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2013 Winter Issue 2 (January 25, 2013)

ArbNotes

January 25, 2013
By Emily Buckner

Owls are fast becoming one of the most popular types of birds. However, unlike most other admired birds that are known for being colorful, quick, or vocal, owls’ most celebrated characteristic is their aura of mystery.

Almost ghost-like as they swoop through the dark, these silent and deadly hunters have such haunting calls that they can produce goose bumps that have nothing to do the with the negative wind chill.  

Given their general ‘shadowy’ countenance, perhaps it’s no wonder that the Arboretum’s most established pair of Great Horned Owls live in a cemetery across the street from the Upper Arb!

Great Horned Owls are monogamous and typically return every year to the same nest site where they breed during late January through early February. During this time they can be heard hooting together in a duet at twilight and sometimes throughout the night.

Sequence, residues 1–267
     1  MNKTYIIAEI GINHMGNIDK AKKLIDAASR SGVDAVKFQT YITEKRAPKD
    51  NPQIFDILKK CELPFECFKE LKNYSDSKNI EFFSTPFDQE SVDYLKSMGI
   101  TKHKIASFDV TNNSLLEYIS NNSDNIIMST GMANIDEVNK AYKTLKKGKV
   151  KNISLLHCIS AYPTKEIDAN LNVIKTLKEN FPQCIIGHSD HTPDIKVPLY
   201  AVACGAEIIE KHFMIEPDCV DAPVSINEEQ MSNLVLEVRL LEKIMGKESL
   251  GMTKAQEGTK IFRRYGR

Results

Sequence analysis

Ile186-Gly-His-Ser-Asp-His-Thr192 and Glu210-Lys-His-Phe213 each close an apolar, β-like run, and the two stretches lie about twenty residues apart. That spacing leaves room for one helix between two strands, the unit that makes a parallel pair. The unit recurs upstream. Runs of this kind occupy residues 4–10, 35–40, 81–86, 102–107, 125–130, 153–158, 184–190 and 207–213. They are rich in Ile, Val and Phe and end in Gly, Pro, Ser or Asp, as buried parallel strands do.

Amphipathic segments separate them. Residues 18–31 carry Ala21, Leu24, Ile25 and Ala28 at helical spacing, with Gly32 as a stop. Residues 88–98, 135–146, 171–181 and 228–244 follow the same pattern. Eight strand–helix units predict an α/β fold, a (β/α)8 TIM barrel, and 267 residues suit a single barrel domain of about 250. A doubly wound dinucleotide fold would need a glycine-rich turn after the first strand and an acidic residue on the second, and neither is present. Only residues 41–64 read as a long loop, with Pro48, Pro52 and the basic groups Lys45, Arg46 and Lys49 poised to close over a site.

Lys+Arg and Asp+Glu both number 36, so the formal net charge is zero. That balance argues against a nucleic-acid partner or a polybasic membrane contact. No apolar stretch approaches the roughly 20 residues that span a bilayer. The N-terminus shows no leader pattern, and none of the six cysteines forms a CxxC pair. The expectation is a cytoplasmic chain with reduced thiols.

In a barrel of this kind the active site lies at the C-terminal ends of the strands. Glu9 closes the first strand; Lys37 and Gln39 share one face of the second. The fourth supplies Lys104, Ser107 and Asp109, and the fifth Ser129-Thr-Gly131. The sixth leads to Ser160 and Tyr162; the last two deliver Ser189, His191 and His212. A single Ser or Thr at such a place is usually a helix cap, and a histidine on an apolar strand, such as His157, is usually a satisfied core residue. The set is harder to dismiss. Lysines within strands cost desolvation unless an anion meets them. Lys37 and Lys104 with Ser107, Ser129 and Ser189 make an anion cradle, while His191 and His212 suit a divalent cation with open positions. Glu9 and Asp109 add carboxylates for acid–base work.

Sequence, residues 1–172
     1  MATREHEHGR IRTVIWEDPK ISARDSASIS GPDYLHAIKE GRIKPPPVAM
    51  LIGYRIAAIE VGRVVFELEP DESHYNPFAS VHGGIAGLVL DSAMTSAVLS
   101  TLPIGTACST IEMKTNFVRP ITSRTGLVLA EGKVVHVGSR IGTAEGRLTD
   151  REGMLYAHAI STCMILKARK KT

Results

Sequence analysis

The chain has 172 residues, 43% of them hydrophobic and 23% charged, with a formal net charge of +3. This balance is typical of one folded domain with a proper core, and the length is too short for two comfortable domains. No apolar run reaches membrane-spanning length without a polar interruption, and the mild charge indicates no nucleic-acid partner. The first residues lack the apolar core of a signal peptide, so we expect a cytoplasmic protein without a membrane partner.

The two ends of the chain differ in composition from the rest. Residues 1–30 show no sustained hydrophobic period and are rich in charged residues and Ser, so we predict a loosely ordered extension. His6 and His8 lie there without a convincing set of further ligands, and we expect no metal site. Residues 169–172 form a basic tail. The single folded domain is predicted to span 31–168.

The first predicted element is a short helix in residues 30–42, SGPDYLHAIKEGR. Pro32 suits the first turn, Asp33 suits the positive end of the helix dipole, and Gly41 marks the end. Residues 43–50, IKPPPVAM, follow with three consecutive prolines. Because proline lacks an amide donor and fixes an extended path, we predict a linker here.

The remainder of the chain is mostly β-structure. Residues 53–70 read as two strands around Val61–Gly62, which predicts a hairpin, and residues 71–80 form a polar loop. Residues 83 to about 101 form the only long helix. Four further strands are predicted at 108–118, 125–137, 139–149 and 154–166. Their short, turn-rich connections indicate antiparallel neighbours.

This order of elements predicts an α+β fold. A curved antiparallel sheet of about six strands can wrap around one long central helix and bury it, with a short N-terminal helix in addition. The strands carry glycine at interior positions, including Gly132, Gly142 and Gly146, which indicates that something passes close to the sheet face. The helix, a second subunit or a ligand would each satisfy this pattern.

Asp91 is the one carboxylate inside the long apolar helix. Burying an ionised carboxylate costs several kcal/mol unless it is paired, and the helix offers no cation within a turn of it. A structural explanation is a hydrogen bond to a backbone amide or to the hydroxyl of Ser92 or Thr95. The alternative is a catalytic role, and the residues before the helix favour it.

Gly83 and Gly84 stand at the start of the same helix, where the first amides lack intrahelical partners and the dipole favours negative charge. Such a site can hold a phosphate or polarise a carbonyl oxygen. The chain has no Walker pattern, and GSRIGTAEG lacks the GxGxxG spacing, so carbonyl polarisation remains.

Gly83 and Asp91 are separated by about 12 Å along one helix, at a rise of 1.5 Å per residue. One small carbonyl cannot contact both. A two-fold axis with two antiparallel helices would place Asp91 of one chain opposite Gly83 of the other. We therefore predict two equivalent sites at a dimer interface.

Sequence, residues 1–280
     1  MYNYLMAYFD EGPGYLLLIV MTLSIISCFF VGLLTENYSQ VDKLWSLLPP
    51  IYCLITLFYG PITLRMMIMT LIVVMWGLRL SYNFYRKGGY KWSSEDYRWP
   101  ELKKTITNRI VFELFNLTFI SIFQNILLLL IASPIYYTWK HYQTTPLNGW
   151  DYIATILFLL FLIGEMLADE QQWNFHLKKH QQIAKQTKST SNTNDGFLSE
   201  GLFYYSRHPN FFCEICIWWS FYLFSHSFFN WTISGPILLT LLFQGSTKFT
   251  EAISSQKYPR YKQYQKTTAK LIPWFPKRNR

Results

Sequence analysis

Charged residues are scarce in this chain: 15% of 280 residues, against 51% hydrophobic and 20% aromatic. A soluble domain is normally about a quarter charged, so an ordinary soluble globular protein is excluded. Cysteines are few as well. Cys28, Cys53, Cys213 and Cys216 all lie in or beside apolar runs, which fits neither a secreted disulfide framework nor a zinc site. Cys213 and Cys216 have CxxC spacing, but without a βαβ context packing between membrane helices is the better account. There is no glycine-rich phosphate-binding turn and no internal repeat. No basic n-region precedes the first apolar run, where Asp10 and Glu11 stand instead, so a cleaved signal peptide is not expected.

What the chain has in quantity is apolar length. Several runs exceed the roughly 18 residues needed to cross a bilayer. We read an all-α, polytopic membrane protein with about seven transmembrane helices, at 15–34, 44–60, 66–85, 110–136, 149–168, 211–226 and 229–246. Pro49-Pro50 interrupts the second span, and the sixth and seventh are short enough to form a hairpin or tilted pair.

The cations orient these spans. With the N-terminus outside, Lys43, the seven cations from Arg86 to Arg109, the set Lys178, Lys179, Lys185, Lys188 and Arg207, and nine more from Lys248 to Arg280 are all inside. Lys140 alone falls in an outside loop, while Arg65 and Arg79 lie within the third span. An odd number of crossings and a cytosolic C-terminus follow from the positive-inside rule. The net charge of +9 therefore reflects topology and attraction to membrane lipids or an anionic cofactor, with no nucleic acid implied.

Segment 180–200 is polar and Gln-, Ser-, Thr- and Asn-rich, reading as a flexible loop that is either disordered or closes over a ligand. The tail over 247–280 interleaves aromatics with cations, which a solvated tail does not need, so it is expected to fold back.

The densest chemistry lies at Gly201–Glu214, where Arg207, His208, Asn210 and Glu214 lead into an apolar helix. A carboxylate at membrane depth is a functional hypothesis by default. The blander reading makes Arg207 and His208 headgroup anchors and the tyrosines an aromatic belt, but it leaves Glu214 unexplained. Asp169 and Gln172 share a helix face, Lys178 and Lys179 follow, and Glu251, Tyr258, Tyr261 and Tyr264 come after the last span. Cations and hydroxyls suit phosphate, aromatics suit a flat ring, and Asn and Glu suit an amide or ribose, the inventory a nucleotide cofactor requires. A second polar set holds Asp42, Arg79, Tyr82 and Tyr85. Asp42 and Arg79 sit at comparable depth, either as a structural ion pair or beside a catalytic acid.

Unlike many birds that fly south for the winter, Great Horned Owls are well equipped to deal with the sub-zero temperatures as they are covered from head to toe with what is literally and figuratively a down ‘jacket.’

Additionally armed with nocturnal vision and hypersensitive hearing, the owls can detect prey (mice, voles, shrews etc.) hiding under the snow, making them comfortable winter residents of the Arboretum.
Want to learn more? Come on the Owl Walk with the Student Naturalists next Friday Feb. 1 at 4pm to listen and look for the Cemetery Owls!

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